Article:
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 RFS news highlights resources, issues, and news relevant to in-training members of the ACR. If you have a topic idea or would like to contribute to the blog, please email RFS Secretary Christopher Mutter, DO.

 

 

 

Radiology Consulting and Entrepreneurship

How to Leverage Your MD in Business

 ColemanPost

The newly revamped RFS Economics Advisory Group hosted its first journal club webinar on April 23, 2018. The topic of discussion was “Radiology Consulting and Entrepreneurship: How to Leverage Your MD in Business.” RFS members submitted questions to an expert panel comprised of Rasu Shrestha, MD, MBA, Ricky Caplin, MBA, Woojin Kim, MD, William Boonn, MD, and Jose Morey, MD. Collectively, their experience covers a broad array of topics, including informatics, healthcare start-ups, IT consulting, and AI.

Shrestha, who is chief innovation officer at the University of Pittsburgh Medical Center, has an extensive history in informatics and IT innovation. Caplin is CEO of HCI Group and sits on the board of directors for Tech Mahindra. Kim and Boonn are co-founders of Montage Healthcare Solutions and both serve as chief medical information officers for Nuance Communications. Morey is the chief medical information officer at Liberty Medical Biosecurity, associate chief health officer with IBM Watson Medical Sieve Project, medical technology advisor for NASA I-tech, and chief medical officer for Virgin Hyperloop.

The initial discussion focused on Boonn’s and Kim’s experiences with their healthcare start-up company, Montage Healthcare Solutions, which was eventually bought out by Nuance. Efforts to improve search functionality within their institutional radiology information system eventually lead to the creation of Montage. Boon emphasized that simply having an idea was only a small part of the process of creating a start-up. In his words, a start-up requires its founders to have a “passion for executing the mundane,” which may include organizing a business plan, dealing with payroll, setting up booths at conferences, and raising capital. Passion was a constant theme throughout the discussion, as panelists emphasized that most radiologists could likely be more financially successful sticking with their day jobs. Drs. Kim and Boonn both spoke to the difficulties of juggling their clinical duties with their start-up efforts in the early days of their company.

Caplin provided insight into medical consulting and potential roles for radiologists in his companies. There are consulting opportunities for radiologists, even residents, in testing software and in other areas requiring a degree of subject knowledge. However, he also encouraged radiologists to take advantage of their intelligence and unique expertise as entrepreneurs. Few business leaders have comparable understanding of patient needs, physician workflow, or medical technology, yet healthcare makes up roughly 20 percent of our national GDP. There are innumberable opportunities for physician entrepreneurs in the current market. Along with Boonn and Kim, Caplin touched on the power of having a minimum viable product for individuals interested in creating a start-up. This often puts the entrepreneur in position to have greater control over his or her intellectual property, and is worth more than lots of capital without a realized product.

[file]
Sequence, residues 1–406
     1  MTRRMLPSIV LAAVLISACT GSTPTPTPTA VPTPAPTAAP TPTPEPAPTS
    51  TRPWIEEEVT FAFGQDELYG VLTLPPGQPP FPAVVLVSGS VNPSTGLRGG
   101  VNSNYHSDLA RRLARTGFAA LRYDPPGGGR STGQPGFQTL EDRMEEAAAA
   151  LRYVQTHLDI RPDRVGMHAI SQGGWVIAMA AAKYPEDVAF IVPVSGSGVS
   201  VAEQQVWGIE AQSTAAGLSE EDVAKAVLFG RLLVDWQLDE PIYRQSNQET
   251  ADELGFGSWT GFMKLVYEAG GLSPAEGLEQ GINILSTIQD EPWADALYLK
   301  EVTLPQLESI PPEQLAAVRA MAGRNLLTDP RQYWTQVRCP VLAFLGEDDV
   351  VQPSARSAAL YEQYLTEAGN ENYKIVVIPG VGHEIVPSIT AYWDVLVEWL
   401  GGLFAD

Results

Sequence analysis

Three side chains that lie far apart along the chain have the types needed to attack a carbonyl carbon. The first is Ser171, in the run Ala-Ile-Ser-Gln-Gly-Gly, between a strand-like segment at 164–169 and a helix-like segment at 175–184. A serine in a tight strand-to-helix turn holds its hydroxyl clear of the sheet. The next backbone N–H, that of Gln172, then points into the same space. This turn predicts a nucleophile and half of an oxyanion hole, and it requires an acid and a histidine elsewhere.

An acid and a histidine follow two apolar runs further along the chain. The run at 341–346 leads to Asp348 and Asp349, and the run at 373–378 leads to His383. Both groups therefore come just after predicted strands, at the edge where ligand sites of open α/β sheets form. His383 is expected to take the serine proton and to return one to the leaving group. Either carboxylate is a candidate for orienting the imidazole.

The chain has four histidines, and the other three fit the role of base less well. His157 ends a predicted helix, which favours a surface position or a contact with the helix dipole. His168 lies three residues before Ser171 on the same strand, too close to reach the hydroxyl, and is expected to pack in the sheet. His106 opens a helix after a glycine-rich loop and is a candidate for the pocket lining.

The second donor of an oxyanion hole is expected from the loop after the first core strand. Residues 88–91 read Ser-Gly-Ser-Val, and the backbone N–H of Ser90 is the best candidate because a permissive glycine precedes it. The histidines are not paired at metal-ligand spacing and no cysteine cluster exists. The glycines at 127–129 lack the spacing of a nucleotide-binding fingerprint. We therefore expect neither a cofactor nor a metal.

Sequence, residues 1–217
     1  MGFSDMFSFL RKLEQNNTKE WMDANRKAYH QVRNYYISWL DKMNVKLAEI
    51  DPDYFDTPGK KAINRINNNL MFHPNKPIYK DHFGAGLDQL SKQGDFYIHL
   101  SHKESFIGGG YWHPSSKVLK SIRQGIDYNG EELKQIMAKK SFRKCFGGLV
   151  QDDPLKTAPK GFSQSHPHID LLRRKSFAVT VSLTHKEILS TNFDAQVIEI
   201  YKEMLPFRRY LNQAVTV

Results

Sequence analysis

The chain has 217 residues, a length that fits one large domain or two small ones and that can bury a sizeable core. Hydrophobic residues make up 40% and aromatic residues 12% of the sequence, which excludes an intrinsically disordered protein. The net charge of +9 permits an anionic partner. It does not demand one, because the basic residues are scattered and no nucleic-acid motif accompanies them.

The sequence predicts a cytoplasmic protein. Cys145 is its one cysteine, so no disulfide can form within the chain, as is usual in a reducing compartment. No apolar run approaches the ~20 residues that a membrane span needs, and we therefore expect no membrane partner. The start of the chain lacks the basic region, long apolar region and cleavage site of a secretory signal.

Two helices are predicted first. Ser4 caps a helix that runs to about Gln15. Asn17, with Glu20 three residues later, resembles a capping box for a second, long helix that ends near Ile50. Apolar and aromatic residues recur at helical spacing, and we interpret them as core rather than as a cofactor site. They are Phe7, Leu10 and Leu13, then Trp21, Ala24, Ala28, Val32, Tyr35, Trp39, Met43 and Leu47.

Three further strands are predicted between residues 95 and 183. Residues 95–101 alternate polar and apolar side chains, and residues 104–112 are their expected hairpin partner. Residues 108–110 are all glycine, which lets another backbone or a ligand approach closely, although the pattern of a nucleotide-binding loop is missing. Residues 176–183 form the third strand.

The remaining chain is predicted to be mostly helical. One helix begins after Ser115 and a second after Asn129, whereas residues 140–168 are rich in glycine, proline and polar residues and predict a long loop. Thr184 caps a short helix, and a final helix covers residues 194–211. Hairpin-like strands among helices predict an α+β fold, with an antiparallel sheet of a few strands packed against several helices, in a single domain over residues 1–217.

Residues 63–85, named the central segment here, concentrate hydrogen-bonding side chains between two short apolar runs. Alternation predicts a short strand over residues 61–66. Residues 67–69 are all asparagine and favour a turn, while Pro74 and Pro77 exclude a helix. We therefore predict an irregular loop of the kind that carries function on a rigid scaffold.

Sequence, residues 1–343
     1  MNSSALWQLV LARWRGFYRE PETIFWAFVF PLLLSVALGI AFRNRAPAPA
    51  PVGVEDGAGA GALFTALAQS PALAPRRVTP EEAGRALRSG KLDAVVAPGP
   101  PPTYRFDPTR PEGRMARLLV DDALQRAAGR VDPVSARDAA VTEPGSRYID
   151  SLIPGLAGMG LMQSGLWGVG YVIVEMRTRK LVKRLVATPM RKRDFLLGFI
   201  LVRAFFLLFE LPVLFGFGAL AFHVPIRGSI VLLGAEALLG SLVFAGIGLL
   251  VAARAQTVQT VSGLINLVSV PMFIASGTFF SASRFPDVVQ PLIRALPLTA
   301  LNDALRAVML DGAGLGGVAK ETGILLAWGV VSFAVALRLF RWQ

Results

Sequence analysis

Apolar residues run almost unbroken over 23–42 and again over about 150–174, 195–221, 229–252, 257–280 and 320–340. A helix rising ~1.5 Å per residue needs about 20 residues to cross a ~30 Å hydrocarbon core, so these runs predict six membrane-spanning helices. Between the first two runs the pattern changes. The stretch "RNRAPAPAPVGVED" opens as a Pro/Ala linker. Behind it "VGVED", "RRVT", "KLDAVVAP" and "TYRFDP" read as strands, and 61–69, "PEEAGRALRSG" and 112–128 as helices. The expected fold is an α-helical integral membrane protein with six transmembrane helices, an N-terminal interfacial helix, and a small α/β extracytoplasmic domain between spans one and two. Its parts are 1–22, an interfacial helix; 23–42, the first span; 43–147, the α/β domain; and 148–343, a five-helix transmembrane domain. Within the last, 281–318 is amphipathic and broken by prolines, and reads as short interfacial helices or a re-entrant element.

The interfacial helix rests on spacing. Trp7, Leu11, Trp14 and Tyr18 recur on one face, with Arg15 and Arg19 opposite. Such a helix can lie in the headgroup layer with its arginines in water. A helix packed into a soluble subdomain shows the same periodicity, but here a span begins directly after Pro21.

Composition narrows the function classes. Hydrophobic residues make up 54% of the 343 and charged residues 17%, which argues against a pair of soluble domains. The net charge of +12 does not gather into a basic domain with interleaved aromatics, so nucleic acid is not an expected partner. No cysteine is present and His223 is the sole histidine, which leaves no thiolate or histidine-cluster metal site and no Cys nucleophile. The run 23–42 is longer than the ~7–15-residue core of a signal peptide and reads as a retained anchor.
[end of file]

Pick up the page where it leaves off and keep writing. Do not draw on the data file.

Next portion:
Shrestha also emphasized the need for passion as an ingredient to success as a physician in business, because financial security is greater as a full-time radiologist. However, he got involved with a start-up company during his informatics fellowship and later completed his MBA while also working full-time. Shrestha appreciated the broad perspective he gained from informatics, which he believes he wouldn’t have otherwise received during his more traditional medical education. Relationships he cultivated and projects he started during training carried over to create other opportunities later in his career.

Morey has a unique and multifaceted background, filling multiple roles while also practicing radiology full-time. He described his experiences working with his local IT groups early in his career, simply looking for solutions to problems encountered in everyday practice. These efforts often took time during his nights and weekends, squeezed in wherever possible. Several years prior, he was presenting some of their efforts at the Society for Imaging Informatics in Medicine meeting and was subsequently approached by IBM. Morey highlighted the need to get out of our comfort zones to learn what other departments, specialties, or professions are doing to diversify knowledge and methodology. He suggested that “insatiable curiosity is a skill that can and should be learned.”

The discussion closed with similar thoughts from Caplin, who stated that most “chance” encounters come from simply taking a risk and putting yourself out there. As radiologists, we are uniquely positioned to bridge the gap between the business world and our patients’ needs. It is up to us to take the step beyond identifying problems, and start coming up with solutions.    


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By Nathan Coleman, MD, radiology resident at Indiana University School of Medicine, Indianapolis

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